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John Cox, a fifty-one-year-old marine engineer who lived in Japan, now lives in El Cajon with his wife Taneko. “When I get up in the morning, I look at my go board, and every day I oil it. ” - Image by John Chun
John Cox, a fifty-one-year-old marine engineer who lived in Japan, now lives in El Cajon with his wife Taneko. “When I get up in the morning, I look at my go board, and every day I oil it. ”
  • Go solves the problem of most board games

  • In San Diego most go players get that practice on Tuesday nights at the Balboa Club building at Sixth and Ivy. Here the Go Club meets, using the same room as the larger Chess Club. The weaker players, who tend to take longer in their games, arrive around seven, and the dan-level players usually come an hour later. (Feb. 8, 1979)
Richard Latrobe-Bateman
  • Craftsman Richard Latrobe-Bateman rants at Mesa College

  • "I can't just talk about my subject," began Richard Latrobe-Bateman. "I must talk about my view of the world is that I think we're actually doomed." This got the attention of the audience. A man with white hair rolled his eyes and looked at his wife. She stared at her hands. A student looked up from the book he was reading. The two dozen people who gathered at Mesa College on March 27 weren't anticipating such an introduction. ( April 2, 1987)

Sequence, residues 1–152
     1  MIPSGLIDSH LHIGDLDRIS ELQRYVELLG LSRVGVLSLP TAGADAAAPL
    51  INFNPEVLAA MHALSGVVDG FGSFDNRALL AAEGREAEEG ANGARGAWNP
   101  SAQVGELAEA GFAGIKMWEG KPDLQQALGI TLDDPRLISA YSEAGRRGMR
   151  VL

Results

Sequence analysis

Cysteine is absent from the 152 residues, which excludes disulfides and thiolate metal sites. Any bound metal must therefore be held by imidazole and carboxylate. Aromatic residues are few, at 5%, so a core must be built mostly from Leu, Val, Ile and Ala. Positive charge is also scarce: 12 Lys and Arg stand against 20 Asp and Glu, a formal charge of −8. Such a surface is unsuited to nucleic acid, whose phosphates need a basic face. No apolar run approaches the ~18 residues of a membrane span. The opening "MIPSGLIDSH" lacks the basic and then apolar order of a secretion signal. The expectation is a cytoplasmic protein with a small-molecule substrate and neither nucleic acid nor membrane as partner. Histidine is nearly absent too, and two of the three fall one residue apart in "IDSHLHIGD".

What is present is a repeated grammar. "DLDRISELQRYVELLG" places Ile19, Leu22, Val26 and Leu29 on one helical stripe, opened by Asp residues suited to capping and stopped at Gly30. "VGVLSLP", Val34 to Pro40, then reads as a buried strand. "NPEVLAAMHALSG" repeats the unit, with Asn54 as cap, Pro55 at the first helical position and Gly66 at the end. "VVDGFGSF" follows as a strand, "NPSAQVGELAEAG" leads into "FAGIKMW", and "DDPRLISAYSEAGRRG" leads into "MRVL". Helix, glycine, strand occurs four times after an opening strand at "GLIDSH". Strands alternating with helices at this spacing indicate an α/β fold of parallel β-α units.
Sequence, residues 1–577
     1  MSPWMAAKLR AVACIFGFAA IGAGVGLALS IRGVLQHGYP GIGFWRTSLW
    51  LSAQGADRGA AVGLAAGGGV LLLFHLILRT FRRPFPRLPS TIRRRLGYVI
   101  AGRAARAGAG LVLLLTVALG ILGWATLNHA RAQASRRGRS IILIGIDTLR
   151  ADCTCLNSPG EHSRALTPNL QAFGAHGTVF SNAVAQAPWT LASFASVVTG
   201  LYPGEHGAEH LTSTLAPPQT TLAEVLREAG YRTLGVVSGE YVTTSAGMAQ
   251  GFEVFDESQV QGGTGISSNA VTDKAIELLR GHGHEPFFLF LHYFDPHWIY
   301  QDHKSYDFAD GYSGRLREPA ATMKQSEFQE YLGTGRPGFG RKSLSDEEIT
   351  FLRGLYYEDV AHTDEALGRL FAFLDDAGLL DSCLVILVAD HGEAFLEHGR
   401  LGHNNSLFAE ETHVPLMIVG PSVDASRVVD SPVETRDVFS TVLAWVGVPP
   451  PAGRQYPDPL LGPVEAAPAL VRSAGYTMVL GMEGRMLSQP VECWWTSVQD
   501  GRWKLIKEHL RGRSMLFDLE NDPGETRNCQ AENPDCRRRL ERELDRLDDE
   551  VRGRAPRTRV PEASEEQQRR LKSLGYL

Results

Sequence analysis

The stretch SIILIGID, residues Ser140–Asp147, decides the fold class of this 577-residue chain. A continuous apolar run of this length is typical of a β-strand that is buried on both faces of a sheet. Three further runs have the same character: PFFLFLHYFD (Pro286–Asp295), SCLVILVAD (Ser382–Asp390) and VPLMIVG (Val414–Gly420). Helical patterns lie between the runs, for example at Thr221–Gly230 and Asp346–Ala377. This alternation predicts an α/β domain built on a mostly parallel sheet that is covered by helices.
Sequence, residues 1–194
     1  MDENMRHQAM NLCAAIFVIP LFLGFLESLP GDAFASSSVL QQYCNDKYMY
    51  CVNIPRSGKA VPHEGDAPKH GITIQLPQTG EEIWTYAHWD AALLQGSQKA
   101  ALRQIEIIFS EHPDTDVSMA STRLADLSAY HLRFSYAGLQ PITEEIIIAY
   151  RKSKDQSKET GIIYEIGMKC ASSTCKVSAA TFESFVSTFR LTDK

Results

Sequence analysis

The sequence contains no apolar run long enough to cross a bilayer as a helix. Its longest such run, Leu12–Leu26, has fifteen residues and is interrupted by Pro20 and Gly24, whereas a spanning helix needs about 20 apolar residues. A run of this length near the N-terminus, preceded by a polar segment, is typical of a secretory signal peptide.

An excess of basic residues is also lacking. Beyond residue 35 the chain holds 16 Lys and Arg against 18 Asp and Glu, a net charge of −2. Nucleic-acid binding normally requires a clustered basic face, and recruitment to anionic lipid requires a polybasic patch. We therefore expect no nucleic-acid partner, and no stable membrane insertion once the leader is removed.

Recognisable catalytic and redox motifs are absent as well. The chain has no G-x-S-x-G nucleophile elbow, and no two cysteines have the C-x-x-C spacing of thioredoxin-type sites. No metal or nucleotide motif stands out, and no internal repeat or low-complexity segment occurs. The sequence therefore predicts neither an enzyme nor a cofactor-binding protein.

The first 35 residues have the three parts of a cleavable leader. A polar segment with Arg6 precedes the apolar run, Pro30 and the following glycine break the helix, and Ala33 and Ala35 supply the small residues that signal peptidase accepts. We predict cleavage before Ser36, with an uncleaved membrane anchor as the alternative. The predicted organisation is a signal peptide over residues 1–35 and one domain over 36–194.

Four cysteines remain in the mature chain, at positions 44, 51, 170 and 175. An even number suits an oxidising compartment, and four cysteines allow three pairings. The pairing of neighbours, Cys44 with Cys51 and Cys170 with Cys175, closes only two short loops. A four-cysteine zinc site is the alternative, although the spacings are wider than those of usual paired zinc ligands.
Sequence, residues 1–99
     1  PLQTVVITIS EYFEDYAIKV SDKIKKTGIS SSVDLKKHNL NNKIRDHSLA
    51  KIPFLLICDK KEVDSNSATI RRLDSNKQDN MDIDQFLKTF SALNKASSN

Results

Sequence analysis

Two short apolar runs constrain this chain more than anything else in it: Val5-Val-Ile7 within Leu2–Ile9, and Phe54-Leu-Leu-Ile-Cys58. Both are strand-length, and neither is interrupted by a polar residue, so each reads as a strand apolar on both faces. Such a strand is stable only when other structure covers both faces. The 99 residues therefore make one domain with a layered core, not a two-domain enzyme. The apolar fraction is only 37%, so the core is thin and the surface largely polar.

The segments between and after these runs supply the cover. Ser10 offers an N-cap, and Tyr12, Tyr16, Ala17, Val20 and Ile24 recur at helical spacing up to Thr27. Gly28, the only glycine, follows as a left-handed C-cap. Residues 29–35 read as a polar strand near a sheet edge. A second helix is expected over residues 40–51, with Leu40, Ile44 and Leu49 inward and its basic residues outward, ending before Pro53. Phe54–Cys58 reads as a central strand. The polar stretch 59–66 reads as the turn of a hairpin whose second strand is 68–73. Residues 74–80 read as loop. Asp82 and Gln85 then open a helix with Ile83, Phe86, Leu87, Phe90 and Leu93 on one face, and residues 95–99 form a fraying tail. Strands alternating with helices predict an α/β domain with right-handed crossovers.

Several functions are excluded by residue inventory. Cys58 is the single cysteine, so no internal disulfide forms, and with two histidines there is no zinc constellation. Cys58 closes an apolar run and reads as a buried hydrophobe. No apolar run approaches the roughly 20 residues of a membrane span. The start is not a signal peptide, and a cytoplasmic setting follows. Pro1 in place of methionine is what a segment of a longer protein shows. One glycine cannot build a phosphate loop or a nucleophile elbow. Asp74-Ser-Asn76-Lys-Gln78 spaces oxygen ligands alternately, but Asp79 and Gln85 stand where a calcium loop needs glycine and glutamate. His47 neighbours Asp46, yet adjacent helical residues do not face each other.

The Margrave of Brandenburg, since he was only a Margrave, had a rather small court and a rather puny lot of musicians.
  • Introduction to Bach

  • For someone brought up on rock, spoon-fed by the Stones. Beatles, and lesser luminaries of the musical tradition of the sixties, Bach is hard to approach. The instruments are all different (where is the guitar?). the tempo is strange. and the only dance that fits the beat is the minuet. How does one go about introducing himself to the world of Bach? (Feb. 15, 1973)
Jess Lopez: “That old man is not actually a Mexican; he is an Indian and very poor. He could never afford to pay his bills, so…”
  • The last harvest

  • Do not call them chicanos; they dislike the word. They are Mexican-Americans: the first, because their roots lie to the south; the second, because their sons and fathers have lived and died here. Most of the families along Second Avenue have lived in Escondido for forty or fifty years. (Nov. 3, 1977)
“The profit comes from the specials.”
  • Bingo: It won't get you to heaven, but it sure pays the rent

  • My hands are a little clammy, and there is a marked beat at the temples. It is the last game of the night—a Blackout special—and on three of my four boards I have only three spaces uncovered. I actually have a chance. ( Aug. 18, 1977)
The courses are listed subjectively from best to worst.
  • A guide to miniature golf

  • La Mesa Rec Center may be the closest the San Diego area comes to an amusement park. It has five golf courses, 19 trampolines ($1.50 for adults), eight baseball batting cages (50c for 20 pitches), a couple dozen bumper cars ($1.25 per ride), and almost 200 games ranging from pong to traditional pinball. (Oct. 6, 1977)

Karl Keating, who wrote for the Reader from 1973 through 1987, worked as an attorney in downtown San Diego and then founded the apologetics organization, Catholic Answers.